Aye, Miss by Benjamin Storey is an attempt at home-schooling during the pandemic, with hilarious results. Callum (Jordan Cramond) and his mother (Karen Bartke) are in a French lesson in their front room, though it transpires (slightly predictably) that Callum’s command of French is superior to that of his mother/teacher. His boredom at the rudimentary nature of the lesson leads him to fidget, play with electronic gadgets, and answer back, such that ‘Mrs Miller’ orders him out of the ‘classroom’. Her sanction of ‘detention and a letter home’ had me in stitches – how does one enforce a detention when there’s a Government-mandated stay-at-home order in place because of you-know-what in the first place? And, as Callum points out, is she really going to write a letter to herself? A later heart-to-heart talk between the two brings home (so to speak) the harsh realities of living in lockdown, though the humorous nature of the play is thankfully maintained to the very end.

Body Issues by Isla Robertson is as disturbing as it is awkward as it is amusing. DI MacIntosh (Nicola Ferguson) had a dry sense of humour when interviewing Gary (James Rottger) – is this the same ‘Gary’ from After The Deep? It is a pity, alas, that a direct quote of one of DI MacIntosh’s quips would be giving a bit too much plot away. The production team must have had a lot of fun making the scenes that accompany the interview, though I wouldn’t want to have been the person assigned to clean the mess up afterwards. Gary gets home late one evening – by ‘late’, we’re talking around midnight – and knocks over the recycling on his way into the flat proper. One unfortunate mishap after another eventually lands him in trouble with the cops, but while his story, whilst absurd, is accepted, a final question from the detective inspector might not be as easy to explain away. A very well constructed and intriguing play.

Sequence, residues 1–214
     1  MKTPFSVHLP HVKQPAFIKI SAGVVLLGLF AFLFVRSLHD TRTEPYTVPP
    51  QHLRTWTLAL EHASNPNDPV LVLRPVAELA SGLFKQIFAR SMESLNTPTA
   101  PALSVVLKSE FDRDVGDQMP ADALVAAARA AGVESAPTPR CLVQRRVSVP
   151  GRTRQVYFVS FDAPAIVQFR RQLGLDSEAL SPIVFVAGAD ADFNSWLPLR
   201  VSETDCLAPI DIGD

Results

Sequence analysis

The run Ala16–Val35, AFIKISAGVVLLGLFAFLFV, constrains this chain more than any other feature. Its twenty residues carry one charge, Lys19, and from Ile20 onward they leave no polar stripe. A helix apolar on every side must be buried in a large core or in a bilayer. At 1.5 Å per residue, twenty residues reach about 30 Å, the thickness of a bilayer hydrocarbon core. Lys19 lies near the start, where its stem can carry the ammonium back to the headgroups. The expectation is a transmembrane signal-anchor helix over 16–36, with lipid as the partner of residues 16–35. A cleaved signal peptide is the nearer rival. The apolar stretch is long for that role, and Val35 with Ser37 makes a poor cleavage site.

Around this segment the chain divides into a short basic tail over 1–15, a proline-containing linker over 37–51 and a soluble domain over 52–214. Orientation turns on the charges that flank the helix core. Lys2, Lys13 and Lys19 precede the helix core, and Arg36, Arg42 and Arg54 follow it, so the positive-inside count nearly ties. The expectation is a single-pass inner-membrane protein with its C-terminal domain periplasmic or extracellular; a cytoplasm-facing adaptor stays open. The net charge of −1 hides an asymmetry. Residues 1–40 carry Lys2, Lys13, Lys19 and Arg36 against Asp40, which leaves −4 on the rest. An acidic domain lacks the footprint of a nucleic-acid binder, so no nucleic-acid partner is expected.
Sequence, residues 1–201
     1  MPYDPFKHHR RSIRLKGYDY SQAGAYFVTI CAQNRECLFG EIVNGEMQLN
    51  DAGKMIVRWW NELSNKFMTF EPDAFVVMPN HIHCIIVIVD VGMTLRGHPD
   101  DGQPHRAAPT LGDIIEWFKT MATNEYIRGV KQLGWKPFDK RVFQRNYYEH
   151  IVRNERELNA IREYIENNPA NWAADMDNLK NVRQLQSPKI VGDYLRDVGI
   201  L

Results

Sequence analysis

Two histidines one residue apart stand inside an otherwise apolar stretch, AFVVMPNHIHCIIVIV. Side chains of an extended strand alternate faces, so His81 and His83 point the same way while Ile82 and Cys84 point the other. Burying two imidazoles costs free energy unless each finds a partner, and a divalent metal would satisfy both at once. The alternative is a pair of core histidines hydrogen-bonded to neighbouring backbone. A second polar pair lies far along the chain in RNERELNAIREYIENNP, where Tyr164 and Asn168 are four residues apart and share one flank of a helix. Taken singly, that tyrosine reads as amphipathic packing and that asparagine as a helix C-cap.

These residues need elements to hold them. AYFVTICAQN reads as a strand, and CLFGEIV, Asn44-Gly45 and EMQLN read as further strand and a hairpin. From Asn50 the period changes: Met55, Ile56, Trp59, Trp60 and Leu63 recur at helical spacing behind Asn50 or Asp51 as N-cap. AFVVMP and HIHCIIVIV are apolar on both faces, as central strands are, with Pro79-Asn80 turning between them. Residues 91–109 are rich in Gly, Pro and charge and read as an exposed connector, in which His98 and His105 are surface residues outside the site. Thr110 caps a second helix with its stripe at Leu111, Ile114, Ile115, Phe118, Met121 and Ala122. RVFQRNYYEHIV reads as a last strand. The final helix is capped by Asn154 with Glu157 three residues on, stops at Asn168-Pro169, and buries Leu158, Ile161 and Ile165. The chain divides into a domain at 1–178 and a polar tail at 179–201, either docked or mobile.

Finally, No Hero by Rachel Flynn is a reflection on the most severe part of lockdown, signified by the weekly ‘Clap for Carers’ at 8:00pm on a Thursday evening for ten consecutive weeks. Amy Dawson plays an unnamed key worker whose personal circumstances lead her to seriously and reflectively question whether she should be classed as a ‘hero’ along with NHS workers, social care workers, supermarket staff and so on. This goes beyond typical British self-deprecation and bashfulness. The pandemic has had many consequences, including the increase of domestic violence – there are absorbing if harrowing thoughts on the need to self-isolate balanced against the need to protect the vulnerable.

With the longest of these short plays running at just over twelve minutes, the collection is manageable for all but the most time-pressured, and is well worth watching.

4 stars

Review by Chris Omaweng

Starring Cameron Fulton (River City, Limbo)
“We’ve all been there, right? That one person that’s like an electric shock to your insides…”

Written by & starring Kirsty May Hamilton (REPLICA)
With no handsome prince coming to her rescue, what is a Principal Girl to do in Loch Doon?

EPISODE 3: AFTER THE BEEP by Isla Robertson
Starring Helen Mackay (Miss Julie, Perth Theatre; DCI Banks) & James Rottger (Celtic The Musical; Gary Tank Commander)
You have one new voicemail, from the last person you’d ever expect… Press 1 to repeat, 2 to save, 3 to return the call or 4 to delete.

EPISODE 4: AYE, MISS by Benjamin Storey
Starring Karen Bartke (Scot Squad) & Jordan Cramons (The Demon Headmaster) Homeschooling in lockdown reaches breaking point when Mrs Miller attemps to teach her son French.

EPISODE 5: BODY ISSUES by Isla Robertson
Starring James Rottger & Nicola Ferguson (BBC Radio Drama Company)
Glitter, confetti, whipped cream with a cherry on top. There really is an innocent explanation…

EPISODE 6: NO HERO by Rachel Flynn
Starring Amy Dawson (Current RCS student BSL/English)
Not all Heroes wear capes…